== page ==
What grapes are commonly used to make wine?

There are over a thousand different varieties of ‘Vitis vinifera’ (the vine used for wine production) all over the world. The grapes range from the modern types, generated by crossing pre-existing varieties, to the more traditional ones such as Pinot Noir and Riesling.

It is this vine which has been used to make wine down the millennia in the Middle East and Europe, and which nowadays is planted in the New World as well. There are over a thousand different varieties of Vitis vinifera. Each of these varieties produces wines with an individual flavour – many of these such as Chardonnay and Cabernet Sauvignon, have become household names.

Most of the familiar ones, like Pinot Noir and Riesling, have been with us for several hundred years. However, many ‘new’ grape varieties, such as Muller-Thurgau and Pinotage, have been generated in modern times by crossing pre-existing varieties.

Vitis vinifera’s greatest weakness is its susceptibility to an aphid called Phylloxera vastatrix. This vine louse was introduced from Californian vines and spread rapidly throughout most of the world’s vineyards during the second half of the nineteenth century. Phylloxera destroys the root system of the Vitis vinifera, ultimately killing it. There were no effective treatments.

Fortunately, it was noticed that some of the vine species originating in North America, such as Vitis rupestris and Vitis riparia, could cope with Phylloxera. These vines did not produce attractive wines, but by grafting a cutting of Vitis vinifera onto an American vine rootstock, growers were able to replant their devastated vineyards.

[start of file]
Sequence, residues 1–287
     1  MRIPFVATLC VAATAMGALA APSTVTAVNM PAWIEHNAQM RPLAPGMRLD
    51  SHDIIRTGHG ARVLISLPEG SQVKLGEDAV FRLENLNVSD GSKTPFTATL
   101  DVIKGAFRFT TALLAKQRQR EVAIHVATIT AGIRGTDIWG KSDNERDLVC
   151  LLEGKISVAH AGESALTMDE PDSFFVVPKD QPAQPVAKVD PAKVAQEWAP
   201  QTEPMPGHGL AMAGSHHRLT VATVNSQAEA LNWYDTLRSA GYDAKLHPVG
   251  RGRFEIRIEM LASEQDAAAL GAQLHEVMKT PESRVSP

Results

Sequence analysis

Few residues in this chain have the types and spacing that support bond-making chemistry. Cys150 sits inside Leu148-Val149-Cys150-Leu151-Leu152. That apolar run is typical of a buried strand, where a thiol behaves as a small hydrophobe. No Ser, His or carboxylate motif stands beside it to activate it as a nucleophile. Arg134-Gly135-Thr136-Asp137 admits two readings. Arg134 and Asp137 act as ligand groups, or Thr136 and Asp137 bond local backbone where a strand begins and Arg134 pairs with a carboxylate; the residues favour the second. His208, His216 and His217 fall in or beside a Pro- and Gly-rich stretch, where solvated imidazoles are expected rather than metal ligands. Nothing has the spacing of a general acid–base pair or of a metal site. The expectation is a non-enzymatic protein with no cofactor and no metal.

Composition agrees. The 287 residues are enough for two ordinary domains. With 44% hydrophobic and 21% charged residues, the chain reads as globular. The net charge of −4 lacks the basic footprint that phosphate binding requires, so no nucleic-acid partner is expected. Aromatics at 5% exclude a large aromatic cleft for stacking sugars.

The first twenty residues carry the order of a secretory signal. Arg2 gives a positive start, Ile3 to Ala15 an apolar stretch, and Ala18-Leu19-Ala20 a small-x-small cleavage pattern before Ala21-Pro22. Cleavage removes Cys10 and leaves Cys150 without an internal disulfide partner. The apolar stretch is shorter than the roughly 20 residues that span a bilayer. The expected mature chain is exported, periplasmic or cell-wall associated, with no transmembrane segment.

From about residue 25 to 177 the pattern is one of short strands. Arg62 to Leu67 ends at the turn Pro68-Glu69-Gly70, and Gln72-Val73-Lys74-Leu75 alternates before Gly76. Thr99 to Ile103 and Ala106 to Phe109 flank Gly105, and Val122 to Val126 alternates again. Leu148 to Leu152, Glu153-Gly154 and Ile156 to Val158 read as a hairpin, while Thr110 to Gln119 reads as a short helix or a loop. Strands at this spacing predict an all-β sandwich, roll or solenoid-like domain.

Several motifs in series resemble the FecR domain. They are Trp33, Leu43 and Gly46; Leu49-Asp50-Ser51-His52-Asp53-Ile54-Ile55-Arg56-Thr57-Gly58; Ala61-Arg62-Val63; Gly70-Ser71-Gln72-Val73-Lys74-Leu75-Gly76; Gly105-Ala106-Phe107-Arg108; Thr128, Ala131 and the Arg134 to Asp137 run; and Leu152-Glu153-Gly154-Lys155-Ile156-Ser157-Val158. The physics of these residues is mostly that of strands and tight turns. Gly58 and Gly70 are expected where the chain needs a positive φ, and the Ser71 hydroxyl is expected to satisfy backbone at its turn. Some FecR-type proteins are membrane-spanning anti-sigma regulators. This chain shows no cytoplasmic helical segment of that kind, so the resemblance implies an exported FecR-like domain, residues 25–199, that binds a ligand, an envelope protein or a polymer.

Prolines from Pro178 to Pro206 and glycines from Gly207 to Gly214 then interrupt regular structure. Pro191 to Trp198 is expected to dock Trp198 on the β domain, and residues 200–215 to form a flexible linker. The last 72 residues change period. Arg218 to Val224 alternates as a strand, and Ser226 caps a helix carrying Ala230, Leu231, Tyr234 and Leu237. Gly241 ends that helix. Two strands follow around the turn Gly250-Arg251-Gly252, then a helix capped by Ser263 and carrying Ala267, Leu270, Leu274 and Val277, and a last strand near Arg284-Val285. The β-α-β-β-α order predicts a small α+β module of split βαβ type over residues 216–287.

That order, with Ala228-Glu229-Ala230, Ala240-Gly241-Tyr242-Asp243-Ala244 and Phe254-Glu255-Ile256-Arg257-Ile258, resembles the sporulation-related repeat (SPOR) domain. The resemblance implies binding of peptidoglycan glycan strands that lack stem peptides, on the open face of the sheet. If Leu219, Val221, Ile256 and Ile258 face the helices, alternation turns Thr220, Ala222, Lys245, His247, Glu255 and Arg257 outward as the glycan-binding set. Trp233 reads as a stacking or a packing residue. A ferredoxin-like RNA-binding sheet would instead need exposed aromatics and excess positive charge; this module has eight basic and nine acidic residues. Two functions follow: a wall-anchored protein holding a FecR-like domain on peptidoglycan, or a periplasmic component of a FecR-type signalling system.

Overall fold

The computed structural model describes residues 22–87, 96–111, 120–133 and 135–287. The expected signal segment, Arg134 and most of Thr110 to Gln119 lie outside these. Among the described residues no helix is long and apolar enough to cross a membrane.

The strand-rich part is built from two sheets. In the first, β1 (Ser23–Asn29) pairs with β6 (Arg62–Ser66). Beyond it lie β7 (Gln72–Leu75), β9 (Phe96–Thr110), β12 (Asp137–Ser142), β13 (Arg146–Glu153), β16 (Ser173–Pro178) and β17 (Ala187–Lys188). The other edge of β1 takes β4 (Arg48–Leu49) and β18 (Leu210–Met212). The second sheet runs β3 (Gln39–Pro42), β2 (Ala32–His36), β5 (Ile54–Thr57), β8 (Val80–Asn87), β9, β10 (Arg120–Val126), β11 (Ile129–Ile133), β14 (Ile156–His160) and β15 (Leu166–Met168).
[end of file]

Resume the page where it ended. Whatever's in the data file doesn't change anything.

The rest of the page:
Most of the world’s vineyards are planted with grafted vines like this today, everything above ground being Vitis vinifera, and everything below ground being American vine. The main exceptions are vineyard areas like Chile and South Australia, that have to date avoided Phylloxera infestation. In these cases Vitis vinifera vines can still be planted on their own roots.

It takes a newly planted vine three of four years to produce its first crop of grapes. Once in cropping mode, young, vigorous vines yield quite heavily. The quality of the fruit at this stage is often a little simple. As the vine gets older, over thirty years or so, its vigour declines and yield drops. However, what fruit it does produce becomes increasingly concentrated and intensely flavoured. It should come as no surprise that many of the world’s most interesting wines are made from the fruit of old vines.

Vine-breeding keywords

Cross – intraspecific

When one variety of Vitis vinifera (the native Mediterranean species, source of ‘Old World’ fine wine grapes as opposed to table grapes) is combined with another Vitis vinifera via sexual reproduction. The pollen of the first fertilises the flower of the second. The four seeds of the resulting fruit are the offspring, each of which can create a new Vitis vinifera. Parentage is expressed as Grape A x Grape B (ie, Malbec’s parents are Magdeleine Noire des Charentes x Prunelard).


This is also a cross but an ‘interspecific’ one, between a Vitis vinifera species and a non-vinifera one, such as Vitis labrusca or Vitis riparia.


The creation of a plant with the same genetic material as another, via asexual reproduction: a piece of one vine is either grafted or planted directly in soil. The first generation will be identical to the ‘mother’, but as the plant mutates over time and adapts to different conditions, it will develop new characteristics that, if welcome, will be encouraged by the producer. This is why Syrah (Dureza x Mondeuse Blanche) from California is different to that of the Rhône.

Grape-scape: a potted history

Left alone for millennia to develop and adapt, most grapes are the result of spontaneous Vitis vinifera crosses (see box opposite page). But following Europe’s phylloxera outbreak, the tradition of allowing several varieties to grow in one vineyard was eliminated.

Scrambling to resurrect their livelihoods, growers grafted disease-free components, methodically separated into varietal parcels. Machines and chemicals have prevented the kind of uninhibited assignations that in the past produced a love-child like Chardonnay (Pinot Blanc, Gris or Noir x Gouais Blanc).

Written by Jonathan Pedley and Maggie Rosen

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Translated by Sylvia Wu / 吴嘉溦

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